Rules of Engagement – Just How Friendly Should Your Employees Be?

Club managers are always on the lookout for those rare individuals with engaging personalities – those people who are naturally outgoing and friendly and who can connect effortlessly with members and guests.  And while we all would agree that such employees make service and service delivery a snap, it is also important to recognize that some employees need coaching on boundaries and the appropriateness of overly friendly service.

While many members appreciate and enjoy their interactions with service staff, even engaging in playful banter, chit-chat, and teasing with their favorite employees, there are also those members who expect a more formal and detached level of service.  It is also often the case where the member who likes to “play” with employees when in the bar after a round of golf, does not want the same level of engagement at Sunday brunch when family and friends are present.

The challenge then for any employee is to assess each service situation and gauge the member’s mood and interest in engagement.  Here are some of the factors involved:

T1me of Day and Day of Week:  The time of day can have a great deal to do with a member’s interest in engagement.  Some members are not morning people and don’t appreciate noise, exuberance, or conversation early in the morning.  If a member has his nose in the paper, he probably doesn’t want any more than polite and efficient service.  On the other hand, Friday and Saturday night cocktail hour is a time of conviviality and sociability and an employee could expect a more playful interaction.

Occasion:  Dr. and Mrs. Jones celebrating their anniversary will probably appreciate discreet service with as few interruptions as possible.  Service should still be prompt and attentive, but servers should take their cue from the intensity and privacy of the couple’s conversation.  Conversely, a group of ladies coming in for lunch after a morning of tennis are probably keyed up and looking forward to a fun time together.  The same group while entertaining their gardening club with a number of guests would expect a more distant and detached approach.  The businesswoman entertaining clients may want formal, correct, and efficient service with as few interruptions as possible so she can conduct her business in a manner that reflects well on herself and her club.

Members in the Party:  The makeup of a member’s party will have a lot to do with the level of engagement.  A group of members and guests just off the golf course are probably more ebullient, particularly if someone shot his low round, had an eagle, or sank a forty foot putt to win the match.  On the other hand, a member hosting his aged parents for Mother’s Day Brunch is not there to “play” with employees.  It is also possible that a member who comes in alone for a drink may interact with staff very differently than when he is with his wife and children.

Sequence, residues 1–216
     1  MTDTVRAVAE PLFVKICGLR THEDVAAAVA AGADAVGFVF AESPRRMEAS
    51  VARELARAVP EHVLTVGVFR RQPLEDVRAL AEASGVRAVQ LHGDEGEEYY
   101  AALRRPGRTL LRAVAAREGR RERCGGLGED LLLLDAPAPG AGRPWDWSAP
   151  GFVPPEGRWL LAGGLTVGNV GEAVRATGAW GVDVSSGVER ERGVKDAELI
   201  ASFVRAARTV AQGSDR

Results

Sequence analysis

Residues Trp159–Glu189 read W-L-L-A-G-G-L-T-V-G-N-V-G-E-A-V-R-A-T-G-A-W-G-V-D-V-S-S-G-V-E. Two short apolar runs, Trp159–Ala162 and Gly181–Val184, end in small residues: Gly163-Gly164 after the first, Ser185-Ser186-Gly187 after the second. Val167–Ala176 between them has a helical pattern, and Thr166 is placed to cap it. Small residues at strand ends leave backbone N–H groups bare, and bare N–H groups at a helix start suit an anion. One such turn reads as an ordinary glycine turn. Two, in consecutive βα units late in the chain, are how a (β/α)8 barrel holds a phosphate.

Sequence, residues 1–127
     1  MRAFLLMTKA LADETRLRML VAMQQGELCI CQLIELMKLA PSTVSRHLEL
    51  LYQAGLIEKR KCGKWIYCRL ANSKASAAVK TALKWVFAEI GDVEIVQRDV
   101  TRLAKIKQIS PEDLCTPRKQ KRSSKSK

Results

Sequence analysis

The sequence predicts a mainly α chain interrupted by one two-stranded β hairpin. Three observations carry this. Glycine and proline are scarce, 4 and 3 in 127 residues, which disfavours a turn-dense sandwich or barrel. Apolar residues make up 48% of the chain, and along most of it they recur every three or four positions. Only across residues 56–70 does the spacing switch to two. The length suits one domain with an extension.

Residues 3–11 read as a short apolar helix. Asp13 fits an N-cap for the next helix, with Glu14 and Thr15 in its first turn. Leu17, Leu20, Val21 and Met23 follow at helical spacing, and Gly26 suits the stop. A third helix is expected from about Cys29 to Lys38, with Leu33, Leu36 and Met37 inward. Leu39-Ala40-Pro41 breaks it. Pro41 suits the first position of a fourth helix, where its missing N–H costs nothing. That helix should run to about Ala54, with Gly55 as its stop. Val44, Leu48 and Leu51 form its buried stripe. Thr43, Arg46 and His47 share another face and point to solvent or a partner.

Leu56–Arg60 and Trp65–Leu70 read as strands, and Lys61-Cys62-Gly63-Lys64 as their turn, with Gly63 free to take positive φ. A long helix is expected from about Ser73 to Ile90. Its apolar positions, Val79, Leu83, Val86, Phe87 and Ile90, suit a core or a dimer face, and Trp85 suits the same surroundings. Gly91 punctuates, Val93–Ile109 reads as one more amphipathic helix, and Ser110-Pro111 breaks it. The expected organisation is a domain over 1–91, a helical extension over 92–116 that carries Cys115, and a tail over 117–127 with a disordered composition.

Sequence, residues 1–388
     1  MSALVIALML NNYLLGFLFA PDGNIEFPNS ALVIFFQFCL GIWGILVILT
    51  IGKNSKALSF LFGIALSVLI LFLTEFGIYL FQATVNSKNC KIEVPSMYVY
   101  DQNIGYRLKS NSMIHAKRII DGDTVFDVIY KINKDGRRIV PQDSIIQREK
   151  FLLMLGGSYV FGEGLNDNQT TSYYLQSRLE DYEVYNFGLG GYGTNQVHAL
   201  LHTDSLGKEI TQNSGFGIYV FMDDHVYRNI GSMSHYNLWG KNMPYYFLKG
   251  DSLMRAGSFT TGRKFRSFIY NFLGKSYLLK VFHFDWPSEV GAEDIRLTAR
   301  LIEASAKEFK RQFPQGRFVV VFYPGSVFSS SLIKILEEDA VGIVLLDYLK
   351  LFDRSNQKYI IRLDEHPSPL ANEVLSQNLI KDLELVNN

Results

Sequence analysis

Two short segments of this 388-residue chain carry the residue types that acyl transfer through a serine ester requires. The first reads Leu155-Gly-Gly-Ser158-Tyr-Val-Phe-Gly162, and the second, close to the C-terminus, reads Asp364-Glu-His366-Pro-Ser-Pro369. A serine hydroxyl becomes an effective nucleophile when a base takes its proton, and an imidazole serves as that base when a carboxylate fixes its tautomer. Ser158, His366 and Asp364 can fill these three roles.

Past Experience:  There is no better predictor of the future than past experience.  If a member has always been reserved and formal, with little or no personal engagement with staff, employees can expect that he will continue to be so.  John, the single junior member, is casual, relaxed and always enjoys playful repartee with the bar staff.  No doubt he will be that way when he stops in after work for a few drinks.  However, should John arrive with a date, he may not want the same level of engagement from the bartender.

As can be deduced from these examples, there is no hard and fast way of knowing how a member will act, react, or interact with the friendly engagement of employees.  Therefore, it’s up to the employee to assess the mood and manner of the member.  Most people have a good sense of when someone wants to interact with them.  Employees should always hold back until a member makes it clear by initiating a greater degree of contact.  When in doubt, an employee should go no further than being courteous, polite, and friendly.

Ultimately, though, it’s up to managers to train their employees that, “No matter how friendly members may be with you on any or all occasions, they are not your friends; they are your employer.”  Keeping this firmly in mind will help everybody from transgressing the Rules of Engagement.

Thanks and have a great day!

Ed Rehkopf

This weekly blog comments on and discusses the club industry and its challenges. From time to time, we will feature guest bloggers — those managers and industry experts who have something of interest to say to all of us. We also welcome feedback and comment upon the blog, hoping that it will become a useful sounding board for what’s on the minds of hardworking club managers throughout the country and around the world.

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